In the meantime, Mama, with Minnie and we three younger kids, moved to a small cottage down on the mill property, across the Rock Island tracks, south of town. It was just a mile to school from there, but only a stone’s throw from the depot. The bank, by the way, was reorganized and renamed the Farmers National Bank and moved across the street in what is now the Museum. At a considerably later date, all three banks merged to form the current First National Bank.
We were literally as poor as church mice, but we three kids, not knowing any better, did not seem to have minded too much. The burden fell on Mama and Minnie. It was fun playing around the closed mill, inside and out, and living so near the creek was handy for fishing, swimming and skating. We lived there for a couple of years, and in August of 1914, we moved to McFarland. That is, all but Minnie, who had a job in Alma and stayed with the Gus Meier’s. All of our belongings were easily loaded into a hay rack, and I rode to our new home with Hep Haller driving. He had worked at the mill, and later started the Chevrolet agency that is still there.
McFarland was not a real division point on the Rock Island, but a place where a branch line took off to the northwest, thru Manhattan, to connect with the Omaha-Denver line. However, train crews did change there and there was a round-house, car repair “rip” track, coal chute, water supply for the steam locomotives, and a very good railroad restaurant and hotel named the Modoc. There were no diners on trains that made local stops, so the restaurant did a real lively business when a train stopped for meals. The town had almost 400 people at its peak, mostly railroaders, and was probably typical of others like it scattered along the railroad tracks in those days.
The rent for our house was $12 a month, if memory serves me right, and we could hardly afford that. It had a big wire fenced-in yard, and Mama had a garden and chickens. She also grew horseradish, and was that something to have to grate through a grinder. The house was one-story, with a dirt floor basement, and a planked unfinished attic. This was a great place for play when it rained, but it was far too hot in the summer and too cold in the winter. The kitchen had a wood or coal burning range. The only other heat was a Round Oak type stove in the dining room. The floor plan was quite similar to that of the house in Alma where the folks spent their last years. McFarland had no electricity, although the railroad made their own power, so our home light was provided by coal oil lamps and one Coleman mantle lamp. The privy was out near the chicken house about 75 feet from the house. Right outside the kitchen screen porch and beside the porch level doors to the basement was the well. It was an open dug well, about six-feet in diameter and about 35-feet deep. The water was raised by two oaken buckets on each end of a rope running over a well pulley. It had two hinged wooden covers that closed the top when the well was not in use. It was the best tasting water, but I am sure that the present-day health people would be horrified. I do not recall any of us being sick during our three year’s stay. We could not afford it.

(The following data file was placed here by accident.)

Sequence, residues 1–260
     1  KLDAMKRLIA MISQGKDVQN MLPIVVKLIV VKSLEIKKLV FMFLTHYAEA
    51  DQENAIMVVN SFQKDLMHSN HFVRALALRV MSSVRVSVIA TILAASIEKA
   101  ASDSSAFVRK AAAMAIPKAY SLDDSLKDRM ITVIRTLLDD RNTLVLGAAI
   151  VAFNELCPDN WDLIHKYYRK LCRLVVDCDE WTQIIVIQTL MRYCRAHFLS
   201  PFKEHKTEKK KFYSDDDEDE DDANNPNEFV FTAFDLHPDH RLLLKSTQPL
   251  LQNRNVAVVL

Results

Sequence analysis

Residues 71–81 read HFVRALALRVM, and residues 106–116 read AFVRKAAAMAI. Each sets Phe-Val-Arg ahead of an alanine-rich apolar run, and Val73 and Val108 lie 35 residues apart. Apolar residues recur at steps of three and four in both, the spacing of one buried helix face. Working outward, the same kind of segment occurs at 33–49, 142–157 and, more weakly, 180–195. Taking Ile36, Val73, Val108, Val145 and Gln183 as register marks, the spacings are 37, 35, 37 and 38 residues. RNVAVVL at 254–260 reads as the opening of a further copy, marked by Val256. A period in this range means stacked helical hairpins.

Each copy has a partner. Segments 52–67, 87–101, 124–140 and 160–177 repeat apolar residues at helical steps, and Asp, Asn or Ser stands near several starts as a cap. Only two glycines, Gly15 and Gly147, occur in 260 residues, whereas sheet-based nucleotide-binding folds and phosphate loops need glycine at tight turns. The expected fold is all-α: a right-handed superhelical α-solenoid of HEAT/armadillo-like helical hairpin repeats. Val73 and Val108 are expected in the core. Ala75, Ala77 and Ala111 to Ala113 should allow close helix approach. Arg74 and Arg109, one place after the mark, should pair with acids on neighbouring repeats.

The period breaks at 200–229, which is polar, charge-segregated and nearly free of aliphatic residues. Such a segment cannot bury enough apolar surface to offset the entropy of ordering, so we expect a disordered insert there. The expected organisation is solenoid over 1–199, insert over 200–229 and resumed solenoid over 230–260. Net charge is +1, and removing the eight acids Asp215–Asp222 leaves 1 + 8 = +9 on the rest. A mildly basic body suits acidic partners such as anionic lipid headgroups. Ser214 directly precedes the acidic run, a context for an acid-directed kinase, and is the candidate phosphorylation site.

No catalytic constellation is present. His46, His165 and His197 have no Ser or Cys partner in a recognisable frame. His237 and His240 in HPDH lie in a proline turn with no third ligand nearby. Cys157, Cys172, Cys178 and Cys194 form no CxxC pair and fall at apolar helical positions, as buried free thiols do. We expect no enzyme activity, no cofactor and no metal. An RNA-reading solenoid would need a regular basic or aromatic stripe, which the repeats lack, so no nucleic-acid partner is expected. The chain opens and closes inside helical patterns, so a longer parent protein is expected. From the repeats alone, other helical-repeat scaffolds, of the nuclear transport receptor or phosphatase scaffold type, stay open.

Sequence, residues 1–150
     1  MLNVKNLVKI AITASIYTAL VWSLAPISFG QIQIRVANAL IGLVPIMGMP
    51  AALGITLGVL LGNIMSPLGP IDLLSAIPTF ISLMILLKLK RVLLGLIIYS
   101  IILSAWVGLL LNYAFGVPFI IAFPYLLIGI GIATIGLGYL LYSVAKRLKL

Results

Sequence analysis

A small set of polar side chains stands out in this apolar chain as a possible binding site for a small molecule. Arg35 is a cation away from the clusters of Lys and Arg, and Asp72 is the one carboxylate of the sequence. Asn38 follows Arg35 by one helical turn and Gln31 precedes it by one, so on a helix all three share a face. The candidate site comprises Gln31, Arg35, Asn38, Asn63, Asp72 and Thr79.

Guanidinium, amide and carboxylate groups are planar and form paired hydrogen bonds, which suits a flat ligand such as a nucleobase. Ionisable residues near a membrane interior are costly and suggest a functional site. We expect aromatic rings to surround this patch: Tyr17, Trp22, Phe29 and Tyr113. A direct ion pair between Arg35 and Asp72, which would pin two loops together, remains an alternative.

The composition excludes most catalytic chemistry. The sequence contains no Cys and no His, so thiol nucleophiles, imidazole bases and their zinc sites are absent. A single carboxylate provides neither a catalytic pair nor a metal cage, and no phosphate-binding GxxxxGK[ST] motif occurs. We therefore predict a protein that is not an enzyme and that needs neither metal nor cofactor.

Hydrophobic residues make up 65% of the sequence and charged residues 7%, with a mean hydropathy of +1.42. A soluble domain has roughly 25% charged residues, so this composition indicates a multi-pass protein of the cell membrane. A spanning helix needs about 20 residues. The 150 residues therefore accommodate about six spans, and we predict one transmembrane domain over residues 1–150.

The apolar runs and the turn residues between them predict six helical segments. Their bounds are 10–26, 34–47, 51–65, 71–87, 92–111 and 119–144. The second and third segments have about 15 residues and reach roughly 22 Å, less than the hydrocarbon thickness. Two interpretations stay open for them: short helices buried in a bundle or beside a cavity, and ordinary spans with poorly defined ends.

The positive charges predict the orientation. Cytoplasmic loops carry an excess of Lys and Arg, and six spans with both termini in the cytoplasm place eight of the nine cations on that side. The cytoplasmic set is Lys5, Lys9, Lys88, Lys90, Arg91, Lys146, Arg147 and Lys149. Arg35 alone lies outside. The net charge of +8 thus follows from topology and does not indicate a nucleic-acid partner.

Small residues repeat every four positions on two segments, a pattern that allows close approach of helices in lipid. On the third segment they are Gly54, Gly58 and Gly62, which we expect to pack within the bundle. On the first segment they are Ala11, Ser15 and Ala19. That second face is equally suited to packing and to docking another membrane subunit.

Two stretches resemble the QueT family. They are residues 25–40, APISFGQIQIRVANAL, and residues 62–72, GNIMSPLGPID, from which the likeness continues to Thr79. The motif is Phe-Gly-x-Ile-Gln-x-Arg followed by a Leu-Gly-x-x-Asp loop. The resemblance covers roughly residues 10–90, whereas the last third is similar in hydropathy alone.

Laura attended the eighth grade in McFarland, and then went to Alma for high school, also staying with Mary and Gus Meier. Florence and I were in the school for three years, mine the 6th, 7th, and 8th grades. I remember getting a 92 or 93 in the county final grade school examinations, so was really an honor student at McFarland.
We were still on Mill Creek and in the Flint Hills, so we had our fishing, swimming, skating, coasting, and all of the usual activities that I had enjoyed earlier in Alma. I remember the winter of 1916, I believe it was, when a very severe ice storm covered the whole area with several inches of ice. As they did not salt roads or clean off most sidewalks in those days, we were able to skate to school and about anywhere we wanted to go. I even skated to Alma, four-miles away. This heavy ice lasted for about three weeks and was a great thing for youngsters, but must have been really serious for adults, especially farmers.
We were living in McFarland at the time General Pershing’s invasion of Mexico trying to run down Poncho Villa, who had raided across the border. Troop trains, carrying most recently mobilized National Guard soldiers to the border stopped for lunch at the Modoc. All of the boys in town were at the depot when we heard that a troop train was due to come thru, and enjoyed the songs and horseplay of the so-called “week-end soldiers”. It was a big lark for them, and we kid sure envied them going off to the war like that. I recall the “horrible” agony of one of the men who had bought a ham sandwich, and just as the train was about to pull out, discovered that there was no meat between the slabs of bread. Also, I heard the finest rendition of the song “Mother” (Mis for the million things, etc.) that I had ever heard, sung by one of the uniformed men.
The first feeling of personal tragedy to really hit me was when my dog, Jack (the only dog that was ever completely mine) was ordered killed by a crippled, cantankerous old man, a neighbor named Henry Miller. Jack’s only offense that I knew about was that he ran through Miller’s alfalfa field chasing rabbits. Miller claimed that he was chasing chickens, but I was sure that it was not so. He never bothered any of our chickens. I did not know about it until it was all over, and it seemed like the end of the world. Jack had always been a real buddy to me.